Nvidia (NASDAQ:NVDA) designs and develops graphics processing units (GPUs), which are high performance processors that generate realistic and interactive graphics on computers. The company competes with AMD (NYSE:AMD) and Intel (NASDAQ:INTC) in the discrete and integrated GPU businesses.
Our Trefis price estimate for Nvidia’s stock is $13.31, which is just below the current market price. We believe there are 3 key drivers investors should care about when looking at the Professional Graphics and Discrete Graphics businesses, which account for 55% of our stock value for the company.
We discuss these below and provide some scenarios to show you the sensitivity to each driver.
1) Discrete GPU Profit Margins
We breakout discrete GPU EBITDA margins (a measure of profitability), into discrete desktop and discrete notebook GPUs. Both have seen substantial declines in the past though we are seeing a recovery in 2010.
We currently forecast these margins to increase from an estimated 14% in 2010 to 22% by end of the Trefis forecast period.
However, there could be 15% upside to our price estimate if these margins were to increase at a faster rate and reach 33% (similar to 2007 levels) by the end of the Trefis forecast period.
You can adjust both charts below to see the combined impact.
2) Professional Graphics Profit Margins
The EBITDA margins for this segment have been around 50% to 55% historically. However they faced a significant decline in 2009 due to pricing pressures resulting from the slow recovery in corporate spending.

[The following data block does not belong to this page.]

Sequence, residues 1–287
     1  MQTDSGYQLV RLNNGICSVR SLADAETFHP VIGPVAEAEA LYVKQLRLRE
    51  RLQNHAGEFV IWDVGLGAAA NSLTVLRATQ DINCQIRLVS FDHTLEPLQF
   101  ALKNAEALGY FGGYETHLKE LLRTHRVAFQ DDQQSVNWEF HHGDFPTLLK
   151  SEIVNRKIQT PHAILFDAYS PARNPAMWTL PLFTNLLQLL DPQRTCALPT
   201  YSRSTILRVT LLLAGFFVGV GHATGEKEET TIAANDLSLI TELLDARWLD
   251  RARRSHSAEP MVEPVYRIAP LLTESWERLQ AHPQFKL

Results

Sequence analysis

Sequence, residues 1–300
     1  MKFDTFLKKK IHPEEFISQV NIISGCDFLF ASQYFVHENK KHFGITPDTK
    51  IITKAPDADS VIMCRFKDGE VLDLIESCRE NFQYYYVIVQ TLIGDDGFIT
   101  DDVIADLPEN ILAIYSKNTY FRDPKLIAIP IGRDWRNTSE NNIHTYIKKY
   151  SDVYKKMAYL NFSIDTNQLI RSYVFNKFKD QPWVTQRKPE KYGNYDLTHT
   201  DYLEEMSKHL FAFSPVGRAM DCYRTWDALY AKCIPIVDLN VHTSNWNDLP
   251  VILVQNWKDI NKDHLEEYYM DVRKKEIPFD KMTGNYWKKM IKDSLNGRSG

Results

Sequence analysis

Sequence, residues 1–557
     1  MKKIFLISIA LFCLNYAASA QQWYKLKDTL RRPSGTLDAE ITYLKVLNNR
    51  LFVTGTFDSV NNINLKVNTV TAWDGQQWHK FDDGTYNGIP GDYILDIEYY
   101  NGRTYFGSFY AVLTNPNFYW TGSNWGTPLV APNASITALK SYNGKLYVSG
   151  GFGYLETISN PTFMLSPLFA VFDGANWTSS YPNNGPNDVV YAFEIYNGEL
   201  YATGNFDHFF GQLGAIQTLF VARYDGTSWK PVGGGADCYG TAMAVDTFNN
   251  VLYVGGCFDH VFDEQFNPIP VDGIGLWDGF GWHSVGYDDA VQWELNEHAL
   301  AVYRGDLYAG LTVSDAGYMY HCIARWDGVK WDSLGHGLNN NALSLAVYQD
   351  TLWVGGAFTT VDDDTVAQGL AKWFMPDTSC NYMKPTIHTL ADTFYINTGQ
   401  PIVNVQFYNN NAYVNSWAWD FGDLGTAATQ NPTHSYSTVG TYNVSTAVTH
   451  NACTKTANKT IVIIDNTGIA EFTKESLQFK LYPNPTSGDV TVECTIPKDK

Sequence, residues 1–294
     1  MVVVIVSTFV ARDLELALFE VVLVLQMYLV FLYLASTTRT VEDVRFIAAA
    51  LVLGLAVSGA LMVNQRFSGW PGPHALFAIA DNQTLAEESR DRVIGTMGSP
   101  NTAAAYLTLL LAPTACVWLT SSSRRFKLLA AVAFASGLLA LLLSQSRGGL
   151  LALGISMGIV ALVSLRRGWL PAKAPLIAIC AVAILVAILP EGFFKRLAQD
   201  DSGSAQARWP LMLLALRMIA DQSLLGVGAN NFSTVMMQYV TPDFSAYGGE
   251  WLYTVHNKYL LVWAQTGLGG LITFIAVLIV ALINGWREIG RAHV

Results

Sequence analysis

We currently forecast pro graphics cards EBITDA margins to increase from an estimated 44% in 2010 to 52% by the end of the Trefis forecast period.
However here could be 6% downside to our price estimate if these margins were to remain around current levels of 44%.
3) Professional Graphics Market Share
While Nvidia and AMD compete for market share of discrete desktop and notebooks GPUs, the company has dominated when it comes to professional graphics cards.
We forecast slight declines in market share from an estimated 87% in 2010 to 84% by the end of the Trefis forecast period. We expect AMD to push further into this segment and could take share faster than we anticipate.
If market share fell to 70% in the coming years, there could be 5% downside to our estimates.
We believe these are the key drivers investors should watch as Nvidia’a stock price is fairly sensitive to them, and considerable uncertainty exists regarding future demand for these segments and Nvidia’s ability to maintain market share.